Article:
You must be amazed at how much money players are paid these days.
It’s unbelievable. I think the players can’t believe what they get. There were stories after McLain won 31 games about whether he’d get $100,000 per year. He got $90,000. Incidentally, when McLain was suspended by [Major League Baseball commissioner] Bowie Kuhn in 1970 and missed half a season because he was involved in a gambling thing … I happened to be in New York covering a fight. So The News said just stay there. I stayed for a few days, and the story started getting hotter. I went to the commissioner’s office every day, and he refused to see me. I became friendly with the staff, and there was one guy from Detroit in the commissioner’s office, and the day McLain was suspended he helped me. He walked me through a mob of reporters, put me in a freight elevator, and said just wait. McLain came through, brushed past Howard Cosell and Milt Richman of UPI. And somebody said, “He’s in the elevator!” The door closed and McLain looked at me and said, “What the hell are you doing here?” I said, “I’m taking you to the airport.” And he said, “If you pay for the cab, okay.” So I took him to the airport. I had him alone for the whole thing.
What a scoop.
I got a double bonus.
Journalism has changed a lot, too, since you started. Newspapers were on top, then came TV, and now it’s the internet. How do you feel about the current coverage of sports?
I guess like every old-timer, I look down on the younger ones now. I think sports writers today involve themselves too much in rumors and not enough in the truth. They’re impacted by the way television covers things, and now the internet. Social media is to me a terrible blot on the passage of information.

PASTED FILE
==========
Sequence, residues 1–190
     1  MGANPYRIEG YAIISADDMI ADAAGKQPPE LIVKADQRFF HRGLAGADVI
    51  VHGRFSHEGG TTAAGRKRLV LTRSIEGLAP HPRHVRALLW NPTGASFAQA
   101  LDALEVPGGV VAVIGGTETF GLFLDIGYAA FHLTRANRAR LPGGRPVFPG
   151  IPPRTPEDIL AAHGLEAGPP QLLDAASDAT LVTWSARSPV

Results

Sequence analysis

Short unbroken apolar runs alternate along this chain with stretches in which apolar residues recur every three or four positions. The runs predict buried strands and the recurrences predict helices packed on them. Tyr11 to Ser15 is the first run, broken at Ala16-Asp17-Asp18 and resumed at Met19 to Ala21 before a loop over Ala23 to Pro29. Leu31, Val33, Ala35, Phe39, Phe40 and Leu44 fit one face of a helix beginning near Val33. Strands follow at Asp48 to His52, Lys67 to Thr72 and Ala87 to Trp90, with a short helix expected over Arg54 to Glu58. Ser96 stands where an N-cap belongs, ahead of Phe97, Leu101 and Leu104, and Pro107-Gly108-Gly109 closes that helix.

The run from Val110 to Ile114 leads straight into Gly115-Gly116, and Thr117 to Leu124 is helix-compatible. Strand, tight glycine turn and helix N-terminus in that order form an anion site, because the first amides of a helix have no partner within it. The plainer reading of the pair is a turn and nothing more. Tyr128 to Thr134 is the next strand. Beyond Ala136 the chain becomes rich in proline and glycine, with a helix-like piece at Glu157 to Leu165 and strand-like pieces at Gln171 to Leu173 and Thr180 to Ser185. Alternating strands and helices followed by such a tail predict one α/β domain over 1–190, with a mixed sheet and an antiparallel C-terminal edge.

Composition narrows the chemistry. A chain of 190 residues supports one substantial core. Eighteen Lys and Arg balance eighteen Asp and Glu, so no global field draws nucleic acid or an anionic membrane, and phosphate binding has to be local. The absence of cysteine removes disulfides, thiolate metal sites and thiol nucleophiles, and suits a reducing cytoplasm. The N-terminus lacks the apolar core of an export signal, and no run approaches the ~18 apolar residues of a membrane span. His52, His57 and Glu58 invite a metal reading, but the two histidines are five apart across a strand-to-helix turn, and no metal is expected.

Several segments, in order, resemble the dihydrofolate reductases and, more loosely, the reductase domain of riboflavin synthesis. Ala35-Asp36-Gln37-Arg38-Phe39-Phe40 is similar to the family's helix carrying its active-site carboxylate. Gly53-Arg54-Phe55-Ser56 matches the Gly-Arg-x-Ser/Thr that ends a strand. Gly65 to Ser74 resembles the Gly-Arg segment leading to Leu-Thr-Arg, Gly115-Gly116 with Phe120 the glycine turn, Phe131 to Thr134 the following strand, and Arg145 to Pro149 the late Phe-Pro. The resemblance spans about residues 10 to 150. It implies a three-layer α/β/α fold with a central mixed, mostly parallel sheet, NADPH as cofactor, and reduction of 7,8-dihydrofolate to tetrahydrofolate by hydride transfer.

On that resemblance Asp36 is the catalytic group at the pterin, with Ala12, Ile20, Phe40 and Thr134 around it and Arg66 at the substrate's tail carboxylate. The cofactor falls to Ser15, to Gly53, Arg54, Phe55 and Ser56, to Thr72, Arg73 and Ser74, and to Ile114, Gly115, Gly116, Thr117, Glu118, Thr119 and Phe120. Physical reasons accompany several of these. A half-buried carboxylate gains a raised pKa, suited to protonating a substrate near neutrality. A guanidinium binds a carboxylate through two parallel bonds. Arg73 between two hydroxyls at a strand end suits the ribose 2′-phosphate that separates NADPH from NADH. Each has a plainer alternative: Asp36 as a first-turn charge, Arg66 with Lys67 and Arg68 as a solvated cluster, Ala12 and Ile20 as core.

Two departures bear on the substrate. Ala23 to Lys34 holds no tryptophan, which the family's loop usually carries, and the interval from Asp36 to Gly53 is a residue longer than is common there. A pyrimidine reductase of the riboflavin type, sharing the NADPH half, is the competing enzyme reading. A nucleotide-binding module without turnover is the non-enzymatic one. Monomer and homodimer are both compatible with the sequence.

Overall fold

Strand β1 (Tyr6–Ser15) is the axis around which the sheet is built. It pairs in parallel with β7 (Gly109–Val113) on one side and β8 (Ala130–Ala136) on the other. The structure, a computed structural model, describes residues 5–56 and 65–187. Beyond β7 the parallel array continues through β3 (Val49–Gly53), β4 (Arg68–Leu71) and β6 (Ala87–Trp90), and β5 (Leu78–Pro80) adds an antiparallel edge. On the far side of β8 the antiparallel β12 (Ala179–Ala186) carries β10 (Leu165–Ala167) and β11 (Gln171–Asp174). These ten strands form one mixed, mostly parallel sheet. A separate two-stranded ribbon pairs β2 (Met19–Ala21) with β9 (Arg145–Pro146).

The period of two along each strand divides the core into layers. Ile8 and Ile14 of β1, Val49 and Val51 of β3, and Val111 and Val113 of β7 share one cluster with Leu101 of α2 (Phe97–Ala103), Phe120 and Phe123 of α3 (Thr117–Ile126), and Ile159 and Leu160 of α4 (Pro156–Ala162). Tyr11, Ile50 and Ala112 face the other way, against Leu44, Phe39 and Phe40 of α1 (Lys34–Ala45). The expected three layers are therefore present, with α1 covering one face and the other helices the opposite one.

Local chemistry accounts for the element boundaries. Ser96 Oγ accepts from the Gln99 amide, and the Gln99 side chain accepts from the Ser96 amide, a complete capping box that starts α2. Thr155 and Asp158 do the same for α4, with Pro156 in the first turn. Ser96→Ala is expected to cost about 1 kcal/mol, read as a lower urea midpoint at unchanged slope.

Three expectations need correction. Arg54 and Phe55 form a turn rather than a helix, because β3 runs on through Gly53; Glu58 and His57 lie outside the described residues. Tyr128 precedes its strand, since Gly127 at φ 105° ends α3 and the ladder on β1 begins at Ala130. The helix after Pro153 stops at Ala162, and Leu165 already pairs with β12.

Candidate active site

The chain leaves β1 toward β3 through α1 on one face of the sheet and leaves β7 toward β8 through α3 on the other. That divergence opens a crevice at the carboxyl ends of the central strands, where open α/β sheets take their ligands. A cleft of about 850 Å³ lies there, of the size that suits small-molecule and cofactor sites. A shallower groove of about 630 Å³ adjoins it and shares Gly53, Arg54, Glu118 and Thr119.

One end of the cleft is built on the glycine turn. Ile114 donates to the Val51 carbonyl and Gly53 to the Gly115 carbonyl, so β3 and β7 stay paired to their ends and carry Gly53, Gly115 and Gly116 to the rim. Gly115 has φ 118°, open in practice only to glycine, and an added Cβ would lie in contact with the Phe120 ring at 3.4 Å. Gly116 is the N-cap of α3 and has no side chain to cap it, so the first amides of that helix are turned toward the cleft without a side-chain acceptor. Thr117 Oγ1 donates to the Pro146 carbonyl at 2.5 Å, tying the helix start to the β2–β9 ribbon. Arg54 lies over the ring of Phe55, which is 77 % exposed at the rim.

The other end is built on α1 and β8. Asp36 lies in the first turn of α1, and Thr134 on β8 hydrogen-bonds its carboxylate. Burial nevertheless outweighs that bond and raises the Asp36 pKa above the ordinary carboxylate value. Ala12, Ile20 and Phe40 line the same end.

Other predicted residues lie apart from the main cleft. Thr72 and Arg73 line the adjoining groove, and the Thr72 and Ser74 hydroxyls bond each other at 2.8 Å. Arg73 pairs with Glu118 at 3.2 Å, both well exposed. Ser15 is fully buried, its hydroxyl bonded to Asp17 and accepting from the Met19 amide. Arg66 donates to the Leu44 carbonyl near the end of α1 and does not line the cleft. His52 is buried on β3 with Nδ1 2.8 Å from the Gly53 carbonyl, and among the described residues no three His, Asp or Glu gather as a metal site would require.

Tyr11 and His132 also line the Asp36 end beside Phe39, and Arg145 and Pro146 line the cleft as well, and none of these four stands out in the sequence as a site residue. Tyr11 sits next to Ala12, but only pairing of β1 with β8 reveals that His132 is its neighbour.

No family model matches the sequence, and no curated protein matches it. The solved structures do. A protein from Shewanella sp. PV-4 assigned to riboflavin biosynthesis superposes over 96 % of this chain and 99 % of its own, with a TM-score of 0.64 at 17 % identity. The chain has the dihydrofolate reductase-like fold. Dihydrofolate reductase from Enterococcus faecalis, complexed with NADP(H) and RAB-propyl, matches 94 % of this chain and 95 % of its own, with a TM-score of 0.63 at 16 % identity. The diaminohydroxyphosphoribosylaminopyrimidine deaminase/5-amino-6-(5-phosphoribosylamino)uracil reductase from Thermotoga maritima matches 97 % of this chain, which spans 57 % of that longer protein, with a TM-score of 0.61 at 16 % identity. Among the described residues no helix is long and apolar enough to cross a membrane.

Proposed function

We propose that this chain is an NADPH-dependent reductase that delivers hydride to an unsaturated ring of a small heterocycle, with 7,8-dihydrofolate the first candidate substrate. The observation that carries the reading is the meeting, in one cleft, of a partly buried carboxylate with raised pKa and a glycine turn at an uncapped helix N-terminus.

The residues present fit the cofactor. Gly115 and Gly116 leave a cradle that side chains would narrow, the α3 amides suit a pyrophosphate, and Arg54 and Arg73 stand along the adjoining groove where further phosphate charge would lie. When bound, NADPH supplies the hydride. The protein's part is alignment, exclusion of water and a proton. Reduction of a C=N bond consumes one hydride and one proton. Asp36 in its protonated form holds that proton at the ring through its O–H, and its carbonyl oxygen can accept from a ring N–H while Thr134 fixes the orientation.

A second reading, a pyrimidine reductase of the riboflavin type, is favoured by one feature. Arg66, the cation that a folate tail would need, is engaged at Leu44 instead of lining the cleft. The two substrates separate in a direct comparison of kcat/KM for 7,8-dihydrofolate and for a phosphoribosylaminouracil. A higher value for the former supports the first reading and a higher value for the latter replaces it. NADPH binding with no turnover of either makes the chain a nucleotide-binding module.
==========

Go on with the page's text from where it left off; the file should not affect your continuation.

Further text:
Which of your peers did you admire?
Let’s see. Wells Twombly, the San Francisco Examiner columnist. I admired Dick Young from the New York Daily News as a reporter. I thought Jimmy Cannon, as grouchy as he was, was probably in my mind the second greatest American writer, after Hemingway. I greatly admired Hemingway, so much so that I have his picture framed in my apartment, along with a picture of my daughter and granddaughters and a picture of Joe Louis I had taken with him in Las Vegas. And there’s a picture of Namath at the pool.
What’s your favorite Hemingway book?
“The Sun Also Rises.” I’ve read it a few times. I’ve got to read some more Hemingway before I leave this planet.
You wrote a column about your Super Bowl memories a couple of years ago, and you said the best player ever in the Super Bowl was Joe Montana, not Tom Brady. Why him?
I’m not sure. Actually, I don’t think either one of them is the greatest football player of all time. I think John Unitas is. Unitas helped popularize the position, the game, what it was like to win, and drive against the clock, which other quarterbacks need to be able to do now. Like John Elway and Tom Brady and Montana.
The Super Bowl has become as famous for its halftime shows as the game. Do you have a favorite?
No. For the very reason that, at halftime, I’m writing, or I was writing before they let me write after the game. Incidentally, I think it’s interesting that the technology through the years and the devices on which I wrote, changed so much. A heavy portable typewriter. A Smith Corona. An Olivetti. Then we took those data machines that were heavy — we called them Xerox machines. Then we went to smaller keyboard machines. And then we had those boxes with what looked like a little TV screen on them. Finally, to the internet and using email. Then along came Wi-Fi.
Yeah, you’ve seen the real march of technology.
When I get a column idea now, sometimes at midnight, I start writing on my iPhone.
Are you planning to go to the Super Bowl next season?
I haven’t said no yet. You know how old I am? 94. I have a lung problem. I have leg problems. I don’t walk very well. So my daughter has come to the last three Super Bowls with me. She doesn’t want to go again. Do I want to go again? I’m concerned, if I make it to next February, how I would react having to watch the game on TV. It could drive me crazy. I like what I do. I enjoy writing. And I’m very very fortunate that I’m able to do it. Knowing me, come January, I’ll probably say: yeah, one more.
Feature photo by The Detorit News
Tom McGrath is an author and journalist based in Philadelphia. He was named Writer of the Year by the City and Regional Magazine Association in 2022, and he’s currently working on a book about the 1980s.
Tagged under: Detroit, Super Bowl, sports writers